By Jim Schutze
By Rachel Watts
By Lauren Drewes Daniels
By Anna Merlan
By Lee Escobedo
No, the moms we're talking about are the leaders of the citywide council of PTAs, an organization with representatives from each Dallas school PTA that meets once a month at DISD headquarters. These moms are mad about the million-dollar survey Ross Perot Sr. funded to determine what ails the Dallas school district. After almost a year of preparation--and controversy--the finished surveys were sent out this week to be completed by parents, teachers, administrators, and students.
Last week, however, the board of the managers of the Dallas Council of PTAs voted unanimously not to support the survey. The board also sent letters to all the PTA presidents admonishing parents to forbid their children from filling out the survey. The primary reason the PTA board opposes the survey is that it believes that rather than helping to improve the public schools, the results will be used to further the cause of school-voucher proponents--people who believe public school funds should be used for private schools.
The board is also angry with several school board members, particularly Roxan Staff, who attended the PTA board meeting last week and chastised its members for voting against the survey.
"We took a stand against the survey for several reasons," says Ruth Houston, president of the PTA board of managers. "They promised they would show a copy of the survey to the parent body before it was distributed--and didn't. They're taking class time for the students to take it. And we don't think it is good for public schools. This is like providing bullets for the gun so your enemies can shoot you. Non-public-school advocates will use this information as ammunition against us."
The board of managers grew concerned when it learned that the school district would not own the information once the survey was analyzed. Rather, the company hired to conduct the survey, Sirota Consulting Co. of New York, would issue a report to the district, and the survey results would be available for purchase by anyone who is interested. Two weeks ago, the board of managers invited Perot to attend a meeting at district headquarters. According to several people in attendance, Perot said he could not guarantee that just the district would use the survey materials.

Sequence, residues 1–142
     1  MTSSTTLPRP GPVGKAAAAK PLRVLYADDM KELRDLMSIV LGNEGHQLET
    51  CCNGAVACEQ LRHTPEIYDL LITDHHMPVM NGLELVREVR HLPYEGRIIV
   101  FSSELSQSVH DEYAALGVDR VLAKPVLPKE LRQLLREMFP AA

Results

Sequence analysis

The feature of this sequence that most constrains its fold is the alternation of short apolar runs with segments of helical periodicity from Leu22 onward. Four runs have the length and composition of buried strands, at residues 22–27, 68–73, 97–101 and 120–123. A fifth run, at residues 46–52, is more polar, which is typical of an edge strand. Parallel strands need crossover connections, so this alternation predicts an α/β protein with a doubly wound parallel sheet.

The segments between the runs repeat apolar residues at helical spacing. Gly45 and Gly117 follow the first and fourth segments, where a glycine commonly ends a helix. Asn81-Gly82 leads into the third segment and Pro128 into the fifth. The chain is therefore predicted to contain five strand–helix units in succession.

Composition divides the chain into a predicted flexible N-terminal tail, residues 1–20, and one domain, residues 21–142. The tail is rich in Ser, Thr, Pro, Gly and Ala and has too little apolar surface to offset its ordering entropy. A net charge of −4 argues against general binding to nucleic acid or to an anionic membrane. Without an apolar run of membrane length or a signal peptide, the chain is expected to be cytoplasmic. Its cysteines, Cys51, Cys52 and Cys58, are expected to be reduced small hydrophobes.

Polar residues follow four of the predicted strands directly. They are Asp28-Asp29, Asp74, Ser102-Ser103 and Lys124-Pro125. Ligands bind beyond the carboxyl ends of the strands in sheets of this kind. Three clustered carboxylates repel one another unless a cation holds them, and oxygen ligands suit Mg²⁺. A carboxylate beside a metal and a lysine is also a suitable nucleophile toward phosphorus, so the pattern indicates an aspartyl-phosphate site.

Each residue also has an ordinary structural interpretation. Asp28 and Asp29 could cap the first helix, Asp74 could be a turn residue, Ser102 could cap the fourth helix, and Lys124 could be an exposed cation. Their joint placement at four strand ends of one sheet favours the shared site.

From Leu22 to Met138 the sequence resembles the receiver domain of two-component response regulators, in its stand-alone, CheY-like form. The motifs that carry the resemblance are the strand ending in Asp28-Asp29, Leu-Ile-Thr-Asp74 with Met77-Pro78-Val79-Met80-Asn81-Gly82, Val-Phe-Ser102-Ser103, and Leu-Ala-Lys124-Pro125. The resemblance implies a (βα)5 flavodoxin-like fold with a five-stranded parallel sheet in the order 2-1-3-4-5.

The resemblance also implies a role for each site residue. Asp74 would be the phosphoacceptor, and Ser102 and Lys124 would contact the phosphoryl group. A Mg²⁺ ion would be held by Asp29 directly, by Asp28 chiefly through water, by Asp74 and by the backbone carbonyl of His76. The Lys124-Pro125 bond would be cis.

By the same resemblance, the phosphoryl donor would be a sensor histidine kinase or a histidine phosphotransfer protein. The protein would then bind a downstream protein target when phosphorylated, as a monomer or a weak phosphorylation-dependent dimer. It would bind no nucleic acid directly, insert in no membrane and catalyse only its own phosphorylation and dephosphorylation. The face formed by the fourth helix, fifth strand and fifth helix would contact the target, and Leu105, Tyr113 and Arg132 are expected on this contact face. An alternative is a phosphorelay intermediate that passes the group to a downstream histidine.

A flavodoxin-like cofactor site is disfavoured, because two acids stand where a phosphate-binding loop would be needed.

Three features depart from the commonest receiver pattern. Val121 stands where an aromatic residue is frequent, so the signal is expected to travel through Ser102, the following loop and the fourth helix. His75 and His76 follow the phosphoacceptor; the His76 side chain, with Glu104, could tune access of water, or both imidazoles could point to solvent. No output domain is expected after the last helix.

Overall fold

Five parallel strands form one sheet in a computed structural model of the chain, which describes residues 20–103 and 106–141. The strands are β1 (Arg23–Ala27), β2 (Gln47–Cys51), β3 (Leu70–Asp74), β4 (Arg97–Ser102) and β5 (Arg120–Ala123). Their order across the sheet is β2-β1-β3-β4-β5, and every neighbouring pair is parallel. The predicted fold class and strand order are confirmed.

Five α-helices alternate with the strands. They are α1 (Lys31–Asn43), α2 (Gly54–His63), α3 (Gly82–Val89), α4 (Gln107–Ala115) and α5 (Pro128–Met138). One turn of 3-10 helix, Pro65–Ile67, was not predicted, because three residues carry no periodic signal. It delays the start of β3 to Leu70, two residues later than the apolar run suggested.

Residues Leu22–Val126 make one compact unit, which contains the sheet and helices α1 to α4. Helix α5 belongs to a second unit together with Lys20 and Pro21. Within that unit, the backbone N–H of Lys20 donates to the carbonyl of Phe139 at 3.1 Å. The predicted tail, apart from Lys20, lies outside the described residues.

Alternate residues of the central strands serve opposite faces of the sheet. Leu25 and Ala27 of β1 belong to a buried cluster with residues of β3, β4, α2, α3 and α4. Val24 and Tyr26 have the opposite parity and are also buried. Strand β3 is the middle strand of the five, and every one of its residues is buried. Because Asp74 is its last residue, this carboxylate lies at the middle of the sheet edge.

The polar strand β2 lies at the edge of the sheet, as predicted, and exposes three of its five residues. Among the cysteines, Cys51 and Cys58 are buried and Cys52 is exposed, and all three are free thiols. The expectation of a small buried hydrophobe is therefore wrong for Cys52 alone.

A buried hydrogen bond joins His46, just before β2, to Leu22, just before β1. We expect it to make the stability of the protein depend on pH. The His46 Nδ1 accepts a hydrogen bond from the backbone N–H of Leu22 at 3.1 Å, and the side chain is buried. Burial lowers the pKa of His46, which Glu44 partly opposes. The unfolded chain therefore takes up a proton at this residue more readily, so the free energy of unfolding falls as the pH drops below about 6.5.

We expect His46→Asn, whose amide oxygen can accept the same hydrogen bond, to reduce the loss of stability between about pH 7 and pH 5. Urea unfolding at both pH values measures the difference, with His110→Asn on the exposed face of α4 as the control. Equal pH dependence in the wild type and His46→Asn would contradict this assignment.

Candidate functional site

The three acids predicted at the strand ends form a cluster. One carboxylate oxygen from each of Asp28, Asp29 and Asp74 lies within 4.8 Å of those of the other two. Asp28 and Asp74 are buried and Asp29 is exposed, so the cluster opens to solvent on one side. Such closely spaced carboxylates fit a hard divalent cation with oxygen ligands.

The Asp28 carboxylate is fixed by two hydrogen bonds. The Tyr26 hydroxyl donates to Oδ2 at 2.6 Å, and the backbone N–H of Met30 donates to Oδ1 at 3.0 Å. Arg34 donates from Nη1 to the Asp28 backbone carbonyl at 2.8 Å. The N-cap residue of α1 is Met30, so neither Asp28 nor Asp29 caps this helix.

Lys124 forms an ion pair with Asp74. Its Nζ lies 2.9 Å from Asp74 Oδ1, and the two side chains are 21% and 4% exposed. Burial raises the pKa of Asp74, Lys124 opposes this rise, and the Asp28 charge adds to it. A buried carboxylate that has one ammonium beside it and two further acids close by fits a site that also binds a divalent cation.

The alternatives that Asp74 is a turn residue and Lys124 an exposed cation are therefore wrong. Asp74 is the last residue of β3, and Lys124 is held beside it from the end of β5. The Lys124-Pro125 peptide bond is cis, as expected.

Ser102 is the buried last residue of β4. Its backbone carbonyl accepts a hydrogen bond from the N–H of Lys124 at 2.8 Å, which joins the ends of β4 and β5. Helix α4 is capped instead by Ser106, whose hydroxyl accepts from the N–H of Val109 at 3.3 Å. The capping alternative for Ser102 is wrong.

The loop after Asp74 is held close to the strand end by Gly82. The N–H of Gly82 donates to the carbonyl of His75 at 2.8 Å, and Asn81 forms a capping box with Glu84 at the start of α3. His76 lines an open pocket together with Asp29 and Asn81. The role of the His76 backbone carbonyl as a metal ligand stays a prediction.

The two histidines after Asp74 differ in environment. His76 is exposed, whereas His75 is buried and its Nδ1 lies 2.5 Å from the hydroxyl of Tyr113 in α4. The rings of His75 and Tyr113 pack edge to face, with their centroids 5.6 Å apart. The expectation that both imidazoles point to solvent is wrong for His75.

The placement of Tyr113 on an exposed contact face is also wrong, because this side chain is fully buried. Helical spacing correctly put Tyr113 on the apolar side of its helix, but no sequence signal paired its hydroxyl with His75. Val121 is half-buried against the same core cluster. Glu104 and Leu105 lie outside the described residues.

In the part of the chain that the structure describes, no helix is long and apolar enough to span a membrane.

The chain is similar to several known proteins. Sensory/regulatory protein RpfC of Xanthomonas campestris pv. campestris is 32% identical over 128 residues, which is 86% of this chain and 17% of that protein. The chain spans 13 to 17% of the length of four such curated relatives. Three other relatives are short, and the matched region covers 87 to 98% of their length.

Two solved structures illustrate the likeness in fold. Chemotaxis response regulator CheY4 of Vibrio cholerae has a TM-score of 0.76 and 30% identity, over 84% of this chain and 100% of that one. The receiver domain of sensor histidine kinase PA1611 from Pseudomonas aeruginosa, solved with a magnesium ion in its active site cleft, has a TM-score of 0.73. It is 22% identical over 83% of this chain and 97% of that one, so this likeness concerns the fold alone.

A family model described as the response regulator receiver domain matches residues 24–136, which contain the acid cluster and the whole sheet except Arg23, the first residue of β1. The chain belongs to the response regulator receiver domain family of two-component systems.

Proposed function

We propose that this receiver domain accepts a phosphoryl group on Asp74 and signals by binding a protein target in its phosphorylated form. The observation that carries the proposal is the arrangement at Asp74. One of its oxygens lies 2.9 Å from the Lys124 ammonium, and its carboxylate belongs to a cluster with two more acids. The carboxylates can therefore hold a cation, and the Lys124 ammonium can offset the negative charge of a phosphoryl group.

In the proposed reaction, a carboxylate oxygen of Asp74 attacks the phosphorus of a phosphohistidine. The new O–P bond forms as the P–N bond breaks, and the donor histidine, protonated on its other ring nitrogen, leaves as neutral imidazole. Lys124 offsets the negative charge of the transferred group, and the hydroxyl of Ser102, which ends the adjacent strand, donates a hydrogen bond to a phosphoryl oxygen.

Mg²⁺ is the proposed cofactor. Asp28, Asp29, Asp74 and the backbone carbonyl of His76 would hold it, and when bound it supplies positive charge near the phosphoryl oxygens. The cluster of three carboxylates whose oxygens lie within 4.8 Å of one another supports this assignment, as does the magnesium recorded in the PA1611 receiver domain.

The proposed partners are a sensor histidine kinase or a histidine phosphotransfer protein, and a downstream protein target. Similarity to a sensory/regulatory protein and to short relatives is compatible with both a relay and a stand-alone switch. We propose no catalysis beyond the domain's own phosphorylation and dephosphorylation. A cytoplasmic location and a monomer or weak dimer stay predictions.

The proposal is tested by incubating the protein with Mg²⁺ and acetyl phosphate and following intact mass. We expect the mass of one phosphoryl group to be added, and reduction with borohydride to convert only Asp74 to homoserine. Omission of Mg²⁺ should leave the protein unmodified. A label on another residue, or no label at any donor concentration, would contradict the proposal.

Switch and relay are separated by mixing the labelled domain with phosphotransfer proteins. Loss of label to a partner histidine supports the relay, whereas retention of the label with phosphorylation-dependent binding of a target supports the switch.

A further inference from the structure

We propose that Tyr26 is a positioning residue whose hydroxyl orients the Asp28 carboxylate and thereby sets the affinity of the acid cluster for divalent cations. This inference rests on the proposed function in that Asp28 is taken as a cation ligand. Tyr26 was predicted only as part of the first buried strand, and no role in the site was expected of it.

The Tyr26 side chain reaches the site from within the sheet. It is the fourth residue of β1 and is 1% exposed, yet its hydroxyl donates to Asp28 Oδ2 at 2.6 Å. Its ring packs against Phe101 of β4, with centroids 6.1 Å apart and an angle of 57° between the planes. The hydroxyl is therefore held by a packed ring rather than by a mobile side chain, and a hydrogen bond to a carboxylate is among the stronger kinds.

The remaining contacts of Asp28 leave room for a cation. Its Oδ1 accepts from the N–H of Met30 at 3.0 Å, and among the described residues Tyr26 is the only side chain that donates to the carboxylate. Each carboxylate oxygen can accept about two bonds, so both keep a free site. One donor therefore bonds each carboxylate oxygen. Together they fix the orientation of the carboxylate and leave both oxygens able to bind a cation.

Perot further angered the group when he said that he was not against public schools, but that he wouldn't let his grandchildren attend them, because they don't provide a quality education.
The group was also furious with Roxan Staff, who attended last week's meeting. She did not ask to be on the agenda or ask to speak, but after the anti-survey vote was taken and the meeting was adjourned, she tried to reconvene the meeting so she could speak. She shouted at the group that its stand on the survey was ridiculous.
"If that had been a school board meeting, and I acted the way she did, I would have been carried out by two security guards," says Houston, who has a child at A. Maceo Smith High School in Oak Cliff and another at Maynard Jackson Elementary School. "This is how much they think of parents. They don't have any respect for us. If she had just asked before or during the meeting to address the group, I would have been happy to recognize her."
Staff says that at meetings like this one, she is usually introduced. But in this instance, the group ignored her. On one point, she and Houston are in agreement: The school board trustee was furious with the PTA council for its stand on the survey.
Staff says she thinks the group, which has been critical of the survey from the outset, has its own hidden agenda--keeping the status quo. "I think they want to be the sole mouthpiece for the parents, and this survey threatens them," says Staff.
Staff also says the group is misinformed. The DISD board of trustees must give Sirota permission before it can do anything with the data. In addition, the survey is not just a critique of the district's faults, but also will list each campus' strengths as well as three or four priority areas that need improvement.
As far as Staff is concerned, not doing the survey--not trying to change--is ammunition for school vouchers.
The Dallas Council of PTAs is one of a number of groups that have taken in issue with the survey since the idea was first proposed by Perot late last fall. Perot had used Sirota Consulting Co. when he headed up a statewide initiative to improve public education in the early 1980s.
Over two months last winter, a team of Sirota consultants held more than 100 focus groups around the city with community leaders as well as parents and employees of the school district. From these groups, the Sirota team was to design its questionnaires. Sirota hit its first snag when community members objected to the lack of ethnic diversity on the consulting team.